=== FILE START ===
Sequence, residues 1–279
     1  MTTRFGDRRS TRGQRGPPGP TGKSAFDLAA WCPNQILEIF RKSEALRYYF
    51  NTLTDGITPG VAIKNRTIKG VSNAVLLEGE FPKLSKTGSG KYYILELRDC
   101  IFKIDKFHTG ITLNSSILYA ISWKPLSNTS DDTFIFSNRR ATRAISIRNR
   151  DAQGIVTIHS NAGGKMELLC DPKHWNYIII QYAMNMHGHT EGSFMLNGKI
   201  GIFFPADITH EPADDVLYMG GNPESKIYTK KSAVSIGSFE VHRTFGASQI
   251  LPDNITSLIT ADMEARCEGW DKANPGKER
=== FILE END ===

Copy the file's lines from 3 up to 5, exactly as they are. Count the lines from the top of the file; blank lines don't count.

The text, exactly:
    51  NTLTDGITPG VAIKNRTIKG VSNAVLLEGE FPKLSKTGSG KYYILELRDC
   101  IFKIDKFHTG ITLNSSILYA ISWKPLSNTS DDTFIFSNRR ATRAISIRNR
   151  DAQGIVTIHS NAGGKMELLC DPKHWNYIII QYAMNMHGHT EGSFMLNGKI